Canker sores can occur anywhere inside the oral cavity, including the inner surface of the lips and cheeks, base of the gums, tongue, or soft palate. They are related to a number of triggers such as chewing on the cheeks, emotional stress, underlying disorders, and food sensitivities. Some people experience these painful lesions a few times throughout life, while others have chronic breakouts that require an investigation into their underlying cause.
Most people would agree that the tongue is the worst place in the mouth to develop a canker sore. The tongue sees a lot of action, carrying out a majority of work in the mouth by sensing taste, directing food, and receiving sensations of touch. A sore on the tongue makes doing any of these things very difficult. A lesion can develop on the tongue for a variety of reasons, some of which are avoidable, while others are not. Here are a few causes:
- Acidic, spicy, or salty foods
- Changes in hormonal balance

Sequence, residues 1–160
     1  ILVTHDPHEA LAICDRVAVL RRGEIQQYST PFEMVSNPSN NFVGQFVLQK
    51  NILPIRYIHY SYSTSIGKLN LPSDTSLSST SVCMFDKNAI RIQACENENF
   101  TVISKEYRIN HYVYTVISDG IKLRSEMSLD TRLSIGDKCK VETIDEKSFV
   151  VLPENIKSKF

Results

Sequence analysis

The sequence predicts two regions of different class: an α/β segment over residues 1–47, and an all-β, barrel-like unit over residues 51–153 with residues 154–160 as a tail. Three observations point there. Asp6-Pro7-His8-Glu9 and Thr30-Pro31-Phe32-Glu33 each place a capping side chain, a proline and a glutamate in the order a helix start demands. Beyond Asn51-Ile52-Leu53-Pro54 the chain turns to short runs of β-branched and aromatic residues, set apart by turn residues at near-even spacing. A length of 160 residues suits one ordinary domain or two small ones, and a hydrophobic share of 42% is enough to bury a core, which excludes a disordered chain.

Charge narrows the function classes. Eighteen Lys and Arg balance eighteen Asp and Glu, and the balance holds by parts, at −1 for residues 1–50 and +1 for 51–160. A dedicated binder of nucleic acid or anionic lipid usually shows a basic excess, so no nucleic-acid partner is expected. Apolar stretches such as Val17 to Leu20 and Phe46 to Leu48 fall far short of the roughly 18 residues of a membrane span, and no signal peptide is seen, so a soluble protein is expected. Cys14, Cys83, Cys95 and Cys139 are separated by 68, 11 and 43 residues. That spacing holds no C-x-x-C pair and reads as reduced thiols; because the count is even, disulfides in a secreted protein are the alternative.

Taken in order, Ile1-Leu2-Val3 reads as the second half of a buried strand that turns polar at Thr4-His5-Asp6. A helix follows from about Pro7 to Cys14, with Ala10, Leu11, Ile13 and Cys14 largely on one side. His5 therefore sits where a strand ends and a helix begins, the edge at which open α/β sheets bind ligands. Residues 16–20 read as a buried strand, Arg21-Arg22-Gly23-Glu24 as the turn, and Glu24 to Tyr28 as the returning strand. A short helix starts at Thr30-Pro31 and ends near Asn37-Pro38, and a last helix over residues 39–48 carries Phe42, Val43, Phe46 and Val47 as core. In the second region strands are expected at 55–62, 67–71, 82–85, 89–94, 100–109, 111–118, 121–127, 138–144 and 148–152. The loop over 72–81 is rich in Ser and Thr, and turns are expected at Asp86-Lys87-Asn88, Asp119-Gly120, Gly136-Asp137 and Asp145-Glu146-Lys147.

- Genetic inheritance
- A lack of vitamin B-12, iron, and folic acid in the diet
- Using toothpaste containing sodium lauryl sulfate
- Injury to the tongue from biting, chewing, etc.
Symptoms and Treatment of Tongue Canker Sores
A painful spot or bump on the tongue is the primary symptom. A single lesion can develop or many can occur at the same time. In general, the lesions are small, measuring less than 10 mm in size. The center of the ulcer is yellow or white, however, when the lesion bursts, a painful wound with a red border results.
A canker sore on the tongue may take longer to heal because the tongue is used so frequently. Even so, a lesion should heal within two weeks. A canker sore on the tongue causes difficulty in eating even the softest of foods, so resolving the problem quickly is important. If home remedies do not work, it is recommended that you see a doctor who can administer several types of treatment. Ultimately, there are many treatment options available to relieve the pain associated with canker sores on the tongue, fairly quickly and easily.